Fear the Walking Dead Season 2 review: Episodes 2 to 7
Same old story4
Ivan Radford | On 24, Aug 2016Reading time: 6 mins
Fear the Walking Dead Season 2 returned to UK TV this week for Part 2, with Episode 8 broadcast exclusively on AMC for BT TV customers on Monday 22nd August – and subsequent episodes airing every Monday. With Episodes 1 to 7 now available to buy on Amazon Instant Video, we look back at the first half of the prequel’s season run.
Warning: This contains spoilers.
Fear the Walking Dead set itself an impossible task with Season 1, attempting to live up to the colossal success and reputation of AMC’s The Walking Dead. But Season 2 brings the scale of that challenge into sharp relief, as the programme finds itself having to confront not just the problem of comparison, but of character development.
The aim of the prequel is simple: chronicle the collapse of normal society, as the zombie apocalypse gradually takes hold. Rather than show us flashes of kindness under the surface of monstrous brutality, a la The Walking Dead, Fear shows us glimpses of monsters lurking beneath the surface of humanity. The resulting problem is just as elemental: in creating the most everyday, average characters possible, the series also lands itself with the blandest people imaginable, which means the onus is on Season 2 to flesh them out. Over its first half, it doesn’t always succeed.
Over the years, the zombie franchise has established a cycle for developing its ensemble: splitting them up halfway through the season, bringing them back together again come the finale, leaving them to survive on their own against harsh, unknown threats, or giving them sanctuary in some kind of closed community that turns out not to be safe after all. Fear the Walking Dead follows them to the letter, but with mixed results. Episode 2, for example, takes Travis and the others ashore for a brief spell, only to find themselves in a home with a suicidal father. A scene where a child turns and attacks its mother is genuinely horrifying, but with the whole group effectively writing themselves off, it’s hard for the hour to come across as anything else but filler.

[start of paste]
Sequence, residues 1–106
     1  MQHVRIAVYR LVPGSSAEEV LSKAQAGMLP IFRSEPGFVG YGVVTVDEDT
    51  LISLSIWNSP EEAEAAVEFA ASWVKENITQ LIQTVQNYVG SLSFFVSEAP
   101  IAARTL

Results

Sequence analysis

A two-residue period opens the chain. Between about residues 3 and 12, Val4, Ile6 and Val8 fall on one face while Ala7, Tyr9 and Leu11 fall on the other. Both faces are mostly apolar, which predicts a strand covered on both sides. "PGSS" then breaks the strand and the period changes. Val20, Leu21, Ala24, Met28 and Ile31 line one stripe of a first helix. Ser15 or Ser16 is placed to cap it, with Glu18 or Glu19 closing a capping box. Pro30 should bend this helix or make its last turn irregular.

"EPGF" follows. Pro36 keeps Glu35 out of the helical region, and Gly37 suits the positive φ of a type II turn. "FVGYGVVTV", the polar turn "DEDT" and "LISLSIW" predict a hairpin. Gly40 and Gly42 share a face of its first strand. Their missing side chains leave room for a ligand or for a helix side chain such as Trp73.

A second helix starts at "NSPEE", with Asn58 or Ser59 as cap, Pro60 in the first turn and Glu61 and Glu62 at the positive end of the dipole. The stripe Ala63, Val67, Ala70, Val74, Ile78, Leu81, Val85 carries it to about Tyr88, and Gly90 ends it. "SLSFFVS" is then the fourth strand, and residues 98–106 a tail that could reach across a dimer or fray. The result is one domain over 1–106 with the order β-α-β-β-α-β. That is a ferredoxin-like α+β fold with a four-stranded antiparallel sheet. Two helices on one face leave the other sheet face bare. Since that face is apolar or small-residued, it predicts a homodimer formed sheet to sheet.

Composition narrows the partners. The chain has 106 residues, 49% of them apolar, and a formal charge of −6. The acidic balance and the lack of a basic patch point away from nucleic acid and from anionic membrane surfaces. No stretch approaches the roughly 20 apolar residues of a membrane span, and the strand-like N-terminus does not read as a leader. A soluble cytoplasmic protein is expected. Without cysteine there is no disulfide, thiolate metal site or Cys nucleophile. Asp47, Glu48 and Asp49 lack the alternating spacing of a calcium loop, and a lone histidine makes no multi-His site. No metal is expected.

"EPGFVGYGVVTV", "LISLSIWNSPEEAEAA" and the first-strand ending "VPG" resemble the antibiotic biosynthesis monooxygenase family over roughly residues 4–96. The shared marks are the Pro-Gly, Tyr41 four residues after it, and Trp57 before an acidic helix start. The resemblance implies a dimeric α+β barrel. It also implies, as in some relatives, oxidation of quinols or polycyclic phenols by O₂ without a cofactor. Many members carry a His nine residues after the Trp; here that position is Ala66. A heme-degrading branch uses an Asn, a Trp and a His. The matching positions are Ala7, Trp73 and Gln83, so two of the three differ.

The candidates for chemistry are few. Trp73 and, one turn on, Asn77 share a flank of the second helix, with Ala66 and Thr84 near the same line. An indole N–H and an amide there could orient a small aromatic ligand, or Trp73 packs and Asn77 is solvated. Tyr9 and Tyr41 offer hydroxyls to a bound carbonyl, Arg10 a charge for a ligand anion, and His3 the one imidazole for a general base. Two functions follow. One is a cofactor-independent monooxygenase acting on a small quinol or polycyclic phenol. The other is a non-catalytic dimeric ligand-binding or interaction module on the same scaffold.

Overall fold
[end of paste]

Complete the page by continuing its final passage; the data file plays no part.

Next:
The only thing we really get from the incident is a glimpse of Chris becoming gradually more violent. The shift from civilised to homicidal is another classic The Walking Dead trope, but the transformation of Travis’ son never quite rings true; within a matter of episodes, Chris has shot someone, who may or may not have been turning into a walker, and stood by watching calmly as Madison is attacked. By the time he’s found standing over Madison and Alicia at night with a knife, it’s just plain ridiculous.
It’s a shame, because Madison, who becomes increasingly wary of Chris, continues to impress, despite being lumbered with that subplot. Increasingly headstrong in the face of the suspicious Strand, on whose boat our gang have all taken up residence, she shows, time and time again, glimpses of real grit – the kind of grit that we know will help further down the line. She’s clearly not about to be killed off any time soon.
Strand, too, is a fascinating character, if not the best in the whole show. When the group find the survivors from the plane crash in the web series Flight 462, he doesn’t hesitate to cut the tow line for Alex’s life raft to keep the main boat safe. But we eventually discover what his motivation is for such decisive actions: he is racing to reunite in Mexico with his lover, Thomas Abigail (Dougray Scott). Their relationship plays out in cute flashbacks, with Scott smouldering and teasing and Colman Domingo remaining wonderfully aggressive and matter-of-fact about everything, including romance.